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Brieger v. Tellabs

August 26, 2009


The opinion of the court was delivered by: Matthew F. Kennelly, District Judge


Plaintiffs Don Brieger, Harry Schultz, Robert Becker, and Alan Burstin, on behalf of themselves and a certified class, sued defendants Tellabs, Inc., Tellabs Operations, Inc., Richard C. Notebaert, Michael J. Birck, Brian J. Jackman, Debra Ragusa, Michael C. Smiley, and Joan E. Ryan for alleged breaches of fiduciary duties under the Employee Retirement Income Security Act (ERISA), 29 U.S.C. §§ 1109 & 1132. The Court found in favor of defendants on all of plaintiffs' claims. See Brieger v. Tellabs, Inc., --- F. Supp. 2d ---, 2009 WL 1835930 (N.D. Ill. June 26, 2009).

Following entry of judgment, defendants submitted a bill of costs, contending they are entitled to taxable costs pursuant to Federal Rule of Civil Procedure 54(d). Plaintiffs respond that Rule 54(d) is inapplicable because a specific provision of ERISA controls whether defendants are entitled to recover costs in this case, 29 U.S.C. § 1132(g)(1). For the following reasons, the Court denies defendants' request for costs.


Rule 54(d)(1) provides that "[u]nless a federal statute, these rules, or a court order provides otherwise, costs -- other than attorney's fees -- should be allowed to the prevailing party . . . ." Fed. R. Civ. P. 54(d)(1). The Seventh Circuit has stated that "ERISA includes such an express provision." Nichol v. Pullman Standard, Inc., 889 F.2d 115, 121 (7th Cir. 1989). Specifically, ERISA provides that "[i]n any action under this subchapter . . . by a participant, beneficiary, or fiduciary, the court in its discretion may allow a reasonable attorney's fee and costs of action to either party." 29 U.S.C. § 1132(g)(1). Under section 1132(g)(1), this Court has discretion to determine whether defendants should be awarded costs. Nichol, 889 F.2d at 121 (stating that declining "to award attorneys' fees and costs to ERISA defendants, even prevailing defendants, would rarely constitute an abuse of discretion") (internal quotation marks omitted).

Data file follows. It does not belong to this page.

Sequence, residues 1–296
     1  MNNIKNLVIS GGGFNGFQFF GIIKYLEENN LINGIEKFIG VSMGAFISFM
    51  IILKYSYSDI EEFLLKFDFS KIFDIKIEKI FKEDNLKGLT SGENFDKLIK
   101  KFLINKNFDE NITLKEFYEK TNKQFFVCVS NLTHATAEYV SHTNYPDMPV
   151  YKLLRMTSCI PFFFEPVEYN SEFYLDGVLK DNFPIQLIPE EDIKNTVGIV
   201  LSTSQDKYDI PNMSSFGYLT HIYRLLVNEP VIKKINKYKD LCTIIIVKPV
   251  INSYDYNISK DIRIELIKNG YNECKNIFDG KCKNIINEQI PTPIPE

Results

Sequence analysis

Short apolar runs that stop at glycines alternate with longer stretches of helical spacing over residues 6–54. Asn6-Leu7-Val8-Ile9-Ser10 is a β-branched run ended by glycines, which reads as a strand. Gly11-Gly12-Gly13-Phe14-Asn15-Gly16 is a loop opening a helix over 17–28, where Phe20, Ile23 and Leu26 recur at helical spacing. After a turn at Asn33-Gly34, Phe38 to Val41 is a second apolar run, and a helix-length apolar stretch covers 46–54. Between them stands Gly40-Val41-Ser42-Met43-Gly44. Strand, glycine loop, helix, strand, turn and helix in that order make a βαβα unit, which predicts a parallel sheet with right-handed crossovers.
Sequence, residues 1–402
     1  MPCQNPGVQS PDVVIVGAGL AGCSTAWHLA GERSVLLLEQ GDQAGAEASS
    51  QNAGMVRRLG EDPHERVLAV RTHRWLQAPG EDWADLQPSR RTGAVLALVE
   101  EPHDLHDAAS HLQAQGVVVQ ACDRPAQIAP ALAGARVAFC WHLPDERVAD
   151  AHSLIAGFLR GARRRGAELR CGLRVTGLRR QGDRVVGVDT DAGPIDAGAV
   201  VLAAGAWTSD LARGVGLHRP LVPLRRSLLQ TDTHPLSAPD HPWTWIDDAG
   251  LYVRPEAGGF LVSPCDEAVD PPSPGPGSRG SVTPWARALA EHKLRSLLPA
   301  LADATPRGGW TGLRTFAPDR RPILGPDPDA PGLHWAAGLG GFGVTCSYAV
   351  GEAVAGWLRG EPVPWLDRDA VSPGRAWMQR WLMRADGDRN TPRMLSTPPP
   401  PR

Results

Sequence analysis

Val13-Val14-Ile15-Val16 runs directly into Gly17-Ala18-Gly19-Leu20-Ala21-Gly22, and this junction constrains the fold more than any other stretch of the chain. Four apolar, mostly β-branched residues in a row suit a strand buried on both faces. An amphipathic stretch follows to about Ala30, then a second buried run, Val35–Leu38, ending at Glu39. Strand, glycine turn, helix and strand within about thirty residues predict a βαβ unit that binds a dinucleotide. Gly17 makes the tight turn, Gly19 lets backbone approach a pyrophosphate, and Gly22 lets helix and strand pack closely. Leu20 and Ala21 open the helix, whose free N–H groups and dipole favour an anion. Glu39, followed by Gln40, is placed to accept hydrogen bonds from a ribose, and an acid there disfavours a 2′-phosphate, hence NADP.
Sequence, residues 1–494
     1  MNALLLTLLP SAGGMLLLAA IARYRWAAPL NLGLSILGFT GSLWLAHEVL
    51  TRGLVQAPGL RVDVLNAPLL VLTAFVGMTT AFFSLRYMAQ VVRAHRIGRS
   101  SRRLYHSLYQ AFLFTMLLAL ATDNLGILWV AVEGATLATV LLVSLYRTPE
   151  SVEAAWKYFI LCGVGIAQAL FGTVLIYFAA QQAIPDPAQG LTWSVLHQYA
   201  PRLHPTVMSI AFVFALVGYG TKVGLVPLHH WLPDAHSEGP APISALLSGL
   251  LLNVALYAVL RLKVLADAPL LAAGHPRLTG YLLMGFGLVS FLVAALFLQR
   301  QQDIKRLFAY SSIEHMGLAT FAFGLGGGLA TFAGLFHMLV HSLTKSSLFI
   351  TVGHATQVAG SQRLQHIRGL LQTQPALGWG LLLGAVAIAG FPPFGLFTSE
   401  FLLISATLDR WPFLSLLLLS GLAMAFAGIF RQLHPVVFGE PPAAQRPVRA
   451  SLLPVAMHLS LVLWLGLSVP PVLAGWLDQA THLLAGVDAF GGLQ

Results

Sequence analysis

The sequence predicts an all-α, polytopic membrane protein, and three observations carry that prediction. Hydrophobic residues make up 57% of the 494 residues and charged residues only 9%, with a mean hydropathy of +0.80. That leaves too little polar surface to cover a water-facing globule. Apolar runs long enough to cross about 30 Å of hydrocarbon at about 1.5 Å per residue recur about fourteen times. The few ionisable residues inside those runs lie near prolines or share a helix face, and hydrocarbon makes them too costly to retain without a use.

Defendants contend that "[t]he language of Section [1132(g)(1)] does not 'provide otherwise'" with in the meaning of Rule 54(d). Defs.' Reply in Support of Bill of Costs at 3. That contention is contrary to the plain language of both section 1132(g)(1) and Rule 54(d)(1). See, e.g., Keach v. U.S. Trust Co., 338 F. Supp. 2d 931, 934 (C.D. Ill. 2004); Harley v. Minnesota Mining & Mfg. Co., No. Civ. 4-96-488, 2003 WL 22283345, at *1 (D. Minn. Sept. 23, 2003) ("Although 3M insists that ERISA does not supersede Fed. R. Civ. P. 54(d)(1), the plain language of the Rule indicates that the specific statutory provision for a cost award in ERISA displaces the general rule allowing costs as a matter of course."); Lessard v. Applied Risk Mgmt., Inc., No. C-99-3371, 2001 WL 34033100, at *7 (N.D. Cal. May 22, 2001) (holding section 1132(g)(1) "trumps Rule 54(d)'s presumption in favor of an award of costs for the prevailing party").*fn1 It is also contrary to the Seventh Circuit's express holding in Nichol. Defendants attempt to distinguish Nichol by pointing out that it was a single-plaintiff case, unlike the broad class certified in the instant case. That difference, however, has nothing to do with the relationship between section 1132(g) and Rule 54. Defendants also attempt to portray Nichol as only applying a request for attorney's fees, not costs.*fn2 That contention fails. In Nichol, the Seventh Circuit did not differentiate between the two; rather, it mentioned both "fees and costs" in the context of section 1132(g)(1) six separate times. See Nichol, 889 F.2d at 121-22 & n.11. Finally, defendants contend that Nichol is distinguishable because it was decided under a prior version of Rule 54(d) and that the relevant language in the rule has been amended. That Rule 54(d) was amended is irrelevant because the amendment defendants cite was "intended to be stylistic only." Fed. R. Civ. P. 54 advisory committee's notes (2007).